Hoadley: Israel is winning militarily but losing the political war


Dr Stephen Hoadley is a veteran academic, media commentator and public speaker recently retired from the University of Auckland. He is an honorary captain in the Royal New Zealand Navy.

OPINION: Until recently, leaders and publics around the world, including those in New Zealand, were ambivalent on the Israel-Palestinian conflict. This is because they were offered two parallel but contrasting political narratives.

A narrative is a simplified and selective presentation designed to show the presenter in the best light among the target audience. It is not a lie, is simpler than an ideology, and is less blatant than propaganda, but it is not “the whole truth”. It is a deliberately crafted product that aims to attract consumers.

Even-handedness is New Zealand’s long-standing official policy towards the Israeli-Palestinian conflict. New Zealand political leaders routinely visit Ramallah as well as Jerusalem when touring the Holy Land, even though our diplomatic, economic and cultural links, and shared values, with the Palestinians are minor compared with those with Israel.

We favour the “two-state solution”, giving the Palestinians sovereign equality to Israel.

In the latter half of the 20th century the Israeli narrative prevailed in New Zealand and in the West generally. Israel’s plucky defence against giant Arab attackers, and its democratic politics, hi-tech economics and merit-based society appealed to Western publics.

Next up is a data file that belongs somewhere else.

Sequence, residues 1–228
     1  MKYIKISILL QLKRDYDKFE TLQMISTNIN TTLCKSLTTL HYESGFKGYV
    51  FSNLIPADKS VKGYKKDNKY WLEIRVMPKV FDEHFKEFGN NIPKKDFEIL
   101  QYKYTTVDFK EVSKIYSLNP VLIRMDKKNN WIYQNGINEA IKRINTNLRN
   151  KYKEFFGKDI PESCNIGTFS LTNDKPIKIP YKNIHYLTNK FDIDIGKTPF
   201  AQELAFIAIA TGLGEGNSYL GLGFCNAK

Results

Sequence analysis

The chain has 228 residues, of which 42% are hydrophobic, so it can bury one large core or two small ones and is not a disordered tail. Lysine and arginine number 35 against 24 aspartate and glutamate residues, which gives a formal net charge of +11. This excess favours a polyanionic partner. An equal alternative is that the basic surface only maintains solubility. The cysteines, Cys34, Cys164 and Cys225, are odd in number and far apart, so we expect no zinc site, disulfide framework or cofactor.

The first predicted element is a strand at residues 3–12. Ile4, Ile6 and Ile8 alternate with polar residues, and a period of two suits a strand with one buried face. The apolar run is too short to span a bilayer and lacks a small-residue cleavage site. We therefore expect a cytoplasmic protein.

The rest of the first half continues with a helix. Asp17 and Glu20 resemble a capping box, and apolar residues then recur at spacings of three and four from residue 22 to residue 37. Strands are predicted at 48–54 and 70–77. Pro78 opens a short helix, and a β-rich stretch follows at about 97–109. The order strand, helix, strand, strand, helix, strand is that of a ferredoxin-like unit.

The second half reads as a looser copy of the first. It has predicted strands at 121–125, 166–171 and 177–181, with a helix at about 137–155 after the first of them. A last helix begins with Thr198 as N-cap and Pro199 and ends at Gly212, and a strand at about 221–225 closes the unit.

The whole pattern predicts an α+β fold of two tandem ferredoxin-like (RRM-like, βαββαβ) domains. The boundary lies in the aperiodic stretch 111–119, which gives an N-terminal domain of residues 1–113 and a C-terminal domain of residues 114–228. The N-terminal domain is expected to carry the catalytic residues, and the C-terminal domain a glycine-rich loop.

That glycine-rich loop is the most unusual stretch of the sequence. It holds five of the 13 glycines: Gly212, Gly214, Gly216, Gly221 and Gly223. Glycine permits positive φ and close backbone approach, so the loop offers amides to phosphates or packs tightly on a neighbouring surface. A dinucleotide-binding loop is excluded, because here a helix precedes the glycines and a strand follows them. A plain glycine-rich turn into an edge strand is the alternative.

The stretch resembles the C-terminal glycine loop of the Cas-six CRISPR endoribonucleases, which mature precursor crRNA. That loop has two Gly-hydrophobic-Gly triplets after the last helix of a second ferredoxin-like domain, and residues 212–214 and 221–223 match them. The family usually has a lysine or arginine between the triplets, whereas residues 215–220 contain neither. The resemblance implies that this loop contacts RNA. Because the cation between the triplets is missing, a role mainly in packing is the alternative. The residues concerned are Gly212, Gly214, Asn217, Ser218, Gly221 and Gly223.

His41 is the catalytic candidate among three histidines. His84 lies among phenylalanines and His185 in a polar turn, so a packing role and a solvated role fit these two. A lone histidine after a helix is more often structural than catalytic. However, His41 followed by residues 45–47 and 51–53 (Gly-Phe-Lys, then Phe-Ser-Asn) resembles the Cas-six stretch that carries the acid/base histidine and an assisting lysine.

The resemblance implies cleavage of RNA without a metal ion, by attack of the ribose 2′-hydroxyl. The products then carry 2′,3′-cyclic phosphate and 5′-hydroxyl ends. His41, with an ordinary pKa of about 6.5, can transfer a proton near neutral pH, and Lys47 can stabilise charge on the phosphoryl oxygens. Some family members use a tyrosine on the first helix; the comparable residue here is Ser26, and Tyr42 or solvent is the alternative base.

The elements of the Israeli narrative are as follows.

  • The Zionists and Jews are descendants of the ancient Hebrews and thus are indigenous to the lands between Lebanon, Jordan, and Egypt.
  • Jews persecuted in Europe deserve a homeland for protection.
  • Zionist lands acquired in the Palestine Mandate, and acquired by Israelis more recently, were purchased legitimately or were empty desert lands.
  • The State of Israel is democratic and progressive so deserves to prosper and prevail, and enjoys the right of self-defence.
  • Palestinians comprise 20% of Israel’s population and enjoy political rights and privileges, so Israelis can coexist with the Palestinian people.
  • For 30 years Israel has mentored Palestinian authorities in West Bank and Gaza. But the leaders of Fatah and Hamas have proved hostile, authoritarian, and corrupt, and occasionally murderous.
  • Security barriers, checkpoints and IDF incursions into Palestinian areas are aimed only to curb criminality, arms smuggling and terrorism; legitimate commerce and movement are permitted.
  • Artillery and air strikes in Gaza and West Bank are aimed at terrorists and military targets; precautions are taken to minimize civilian casualties while dismantling Hamas.
  • If Palestinians accept Israel’s existence and renounce terrorism, a political settlement and Palestinian statehood can be negotiated.

In the 21st century the Palestinian narrative has gained traction. The BDS (boycott, disvestment, sanctions) movement against Israel has expanded. Criticism of Israeli “occupations” and Palestinian uprisings against them are celebrated in the streets of capitals across the globe, not least in New Zealand, and given sympathetic media attention.

Elements of the Palestinian narrative are as follows.

  • All lands between Lebanon, Jordan, and Egypt belong exclusively to the Palestinians.
  • Zionists, Jews and Israelis are foreign colonists imposed by Western imperialism.